3 Drawbacks of an HOA

Article Courtesy of  MillionAcres

By Maurie Backman

Published October 13, 2019


The great thing about buying a home, as opposed to renting, is setting your own rules. You don't need to get your landlord's permission to paint your walls a certain color, install fixtures, or make permanent changes to your layout. But when you buy a property that's part of a homeowners association, or HOA, part of that freedom is taken away.

1. Added costs

Belonging to an HOA costs money; think of it as a mandatory club with recurring dues. Those fees are typically paid monthly and can make the cost of homeownership far more expensive than you may have bargained for. The more services and amenities your HOA covers, the higher those fees are likely to be.

You're probably aware that failing to keep up with your mortgage payments could put you at risk of foreclosure. But guess what: The same holds true if you fall behind on your HOA payments. If you buy a property that's part of an HOA, make sure you can swing those added fees on top of your mortgage, property taxes, and homeowners insurance.

2. Strict rules

When you belong to an HOA, you're often subject to rigid rules that dictate how your home can look and what it can be used for. It's not uncommon for HOAs to impose regulations on outdoor maintenance. You may not be able to paint your home's exterior a certain color or let your grass grow too high. If you ignore the rules, you'll often face extensive fines.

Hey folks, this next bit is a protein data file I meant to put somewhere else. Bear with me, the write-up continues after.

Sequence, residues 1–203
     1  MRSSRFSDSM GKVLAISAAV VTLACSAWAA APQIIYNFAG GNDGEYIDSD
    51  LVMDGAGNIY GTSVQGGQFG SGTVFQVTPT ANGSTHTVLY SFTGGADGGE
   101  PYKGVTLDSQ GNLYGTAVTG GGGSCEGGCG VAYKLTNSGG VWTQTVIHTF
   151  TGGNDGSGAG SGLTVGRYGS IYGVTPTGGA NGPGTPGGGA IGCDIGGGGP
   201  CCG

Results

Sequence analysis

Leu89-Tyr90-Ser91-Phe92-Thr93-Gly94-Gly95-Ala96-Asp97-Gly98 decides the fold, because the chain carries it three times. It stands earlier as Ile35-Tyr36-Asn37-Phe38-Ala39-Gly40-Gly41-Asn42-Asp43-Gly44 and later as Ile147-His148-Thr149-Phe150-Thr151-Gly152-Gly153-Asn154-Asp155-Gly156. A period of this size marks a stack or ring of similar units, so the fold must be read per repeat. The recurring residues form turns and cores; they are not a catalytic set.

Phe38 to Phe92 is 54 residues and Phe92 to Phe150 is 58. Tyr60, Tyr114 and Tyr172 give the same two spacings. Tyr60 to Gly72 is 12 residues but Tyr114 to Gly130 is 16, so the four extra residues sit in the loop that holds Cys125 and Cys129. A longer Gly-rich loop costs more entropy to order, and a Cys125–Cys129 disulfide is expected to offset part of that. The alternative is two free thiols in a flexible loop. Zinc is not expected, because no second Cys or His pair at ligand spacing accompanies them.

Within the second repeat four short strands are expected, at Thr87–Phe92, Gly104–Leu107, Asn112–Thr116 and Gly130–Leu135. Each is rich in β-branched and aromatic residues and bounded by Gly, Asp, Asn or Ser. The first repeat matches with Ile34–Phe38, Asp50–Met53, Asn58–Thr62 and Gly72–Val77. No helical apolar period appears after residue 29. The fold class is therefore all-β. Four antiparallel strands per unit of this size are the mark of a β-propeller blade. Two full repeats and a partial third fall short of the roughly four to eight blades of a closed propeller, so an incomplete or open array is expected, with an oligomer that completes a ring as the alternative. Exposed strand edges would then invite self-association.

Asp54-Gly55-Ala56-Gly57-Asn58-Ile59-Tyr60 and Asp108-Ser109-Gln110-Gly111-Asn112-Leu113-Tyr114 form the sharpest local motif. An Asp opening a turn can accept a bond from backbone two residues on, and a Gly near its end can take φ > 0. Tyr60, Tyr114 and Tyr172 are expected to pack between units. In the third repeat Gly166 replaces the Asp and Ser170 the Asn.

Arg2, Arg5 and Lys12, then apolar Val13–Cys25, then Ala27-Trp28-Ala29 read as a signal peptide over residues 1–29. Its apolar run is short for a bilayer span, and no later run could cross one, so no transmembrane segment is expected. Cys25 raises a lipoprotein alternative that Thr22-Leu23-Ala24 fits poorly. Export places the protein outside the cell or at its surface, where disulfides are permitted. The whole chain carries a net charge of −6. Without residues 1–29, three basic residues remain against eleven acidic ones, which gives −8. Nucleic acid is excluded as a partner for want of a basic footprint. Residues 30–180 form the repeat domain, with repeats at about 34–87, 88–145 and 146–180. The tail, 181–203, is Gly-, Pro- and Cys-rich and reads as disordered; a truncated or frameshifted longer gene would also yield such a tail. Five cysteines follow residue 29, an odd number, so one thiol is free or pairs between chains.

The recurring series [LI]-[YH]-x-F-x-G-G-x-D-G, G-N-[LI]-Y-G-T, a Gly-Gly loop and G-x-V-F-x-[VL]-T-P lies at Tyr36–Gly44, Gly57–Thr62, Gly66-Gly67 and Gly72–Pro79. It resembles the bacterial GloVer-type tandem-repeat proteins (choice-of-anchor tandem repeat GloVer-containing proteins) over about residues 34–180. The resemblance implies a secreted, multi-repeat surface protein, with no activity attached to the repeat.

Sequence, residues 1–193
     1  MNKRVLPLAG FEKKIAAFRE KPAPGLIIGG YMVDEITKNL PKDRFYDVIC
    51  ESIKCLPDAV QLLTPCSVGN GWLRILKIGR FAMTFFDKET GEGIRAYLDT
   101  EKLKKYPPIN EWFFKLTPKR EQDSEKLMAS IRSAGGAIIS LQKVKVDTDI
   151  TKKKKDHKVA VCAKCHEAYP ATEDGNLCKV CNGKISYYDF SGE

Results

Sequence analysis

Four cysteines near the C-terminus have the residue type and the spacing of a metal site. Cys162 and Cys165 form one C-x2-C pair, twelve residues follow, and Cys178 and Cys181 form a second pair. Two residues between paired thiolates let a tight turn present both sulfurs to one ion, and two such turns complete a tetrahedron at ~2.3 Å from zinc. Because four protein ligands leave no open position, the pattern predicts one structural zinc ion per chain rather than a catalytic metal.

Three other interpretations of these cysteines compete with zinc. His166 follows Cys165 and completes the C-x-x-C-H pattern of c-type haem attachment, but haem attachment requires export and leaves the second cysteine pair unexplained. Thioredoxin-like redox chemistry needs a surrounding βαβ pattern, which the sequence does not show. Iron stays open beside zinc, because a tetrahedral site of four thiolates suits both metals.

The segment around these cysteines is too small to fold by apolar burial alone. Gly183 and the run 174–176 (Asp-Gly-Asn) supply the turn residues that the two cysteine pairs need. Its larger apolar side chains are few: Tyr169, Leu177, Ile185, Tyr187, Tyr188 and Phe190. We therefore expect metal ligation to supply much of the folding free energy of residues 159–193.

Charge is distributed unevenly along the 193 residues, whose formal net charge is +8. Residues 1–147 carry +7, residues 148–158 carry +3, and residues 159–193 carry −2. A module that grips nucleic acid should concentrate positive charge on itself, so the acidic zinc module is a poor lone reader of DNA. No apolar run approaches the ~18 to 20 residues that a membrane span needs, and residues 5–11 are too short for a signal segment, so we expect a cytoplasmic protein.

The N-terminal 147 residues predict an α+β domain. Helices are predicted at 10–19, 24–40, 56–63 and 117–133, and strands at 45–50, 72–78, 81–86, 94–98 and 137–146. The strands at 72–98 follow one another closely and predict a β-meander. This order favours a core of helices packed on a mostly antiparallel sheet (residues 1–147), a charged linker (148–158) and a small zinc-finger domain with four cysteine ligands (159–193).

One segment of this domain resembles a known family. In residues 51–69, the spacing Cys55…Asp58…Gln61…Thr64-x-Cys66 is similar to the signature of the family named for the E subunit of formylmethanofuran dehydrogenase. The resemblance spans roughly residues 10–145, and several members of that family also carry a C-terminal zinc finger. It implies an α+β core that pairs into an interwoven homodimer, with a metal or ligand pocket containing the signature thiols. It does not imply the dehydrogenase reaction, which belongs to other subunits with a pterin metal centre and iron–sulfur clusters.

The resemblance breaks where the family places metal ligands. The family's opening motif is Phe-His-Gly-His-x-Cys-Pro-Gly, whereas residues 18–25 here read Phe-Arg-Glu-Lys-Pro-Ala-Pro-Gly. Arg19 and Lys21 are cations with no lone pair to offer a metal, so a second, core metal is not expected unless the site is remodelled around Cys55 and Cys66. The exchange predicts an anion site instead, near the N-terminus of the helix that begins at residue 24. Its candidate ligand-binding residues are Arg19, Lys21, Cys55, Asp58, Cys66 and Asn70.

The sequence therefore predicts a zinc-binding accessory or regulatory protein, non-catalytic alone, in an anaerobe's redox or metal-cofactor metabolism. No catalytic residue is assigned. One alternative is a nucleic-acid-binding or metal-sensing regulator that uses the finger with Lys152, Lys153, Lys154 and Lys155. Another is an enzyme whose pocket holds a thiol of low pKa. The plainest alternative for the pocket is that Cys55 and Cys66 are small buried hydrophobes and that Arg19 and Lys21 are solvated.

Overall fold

Furthermore, an HOA might prohibit you from renting out your home, whether on a full-time or seasonal basis. That could be problematic if you're hoping to use your home to generate income. An HOA might also prohibit you from conducting business in your home.

And let's not forget about pets -- HOAs are notorious for dictating whether you can have animals and what size they're allowed to be. HOAs can also impose parking regulations that make it difficult for you and your guests to access your home.

The takeaway: Read up on the rules before agreeing to buy a home that's part of an HOA or you could be in for some unpleasant surprises.

3. Potential conflicts with neighbors

If you want a say in your HOA's rules, the best way to do it is to get on the board. Not only does that mean spending some of your limited free time attending meetings, but it could also mean getting into heated debates with your fellow board members -- your neighbors -- and grappling with strained relationships after the fact.

Does your home come with an HOA?

HOAs are often associated with condos, co-ops, and townhome communities, but that doesn't mean standalone homes can't be part of one. If you're buying a home in a new development, be on the lookout for the presence of an HOA.

If you're certain you don't want to be part of one, make that clear to your real estate agent. The last thing you want to do is fall in love with a property only to learn it's part of an HOA with hefty fees and lots of rules.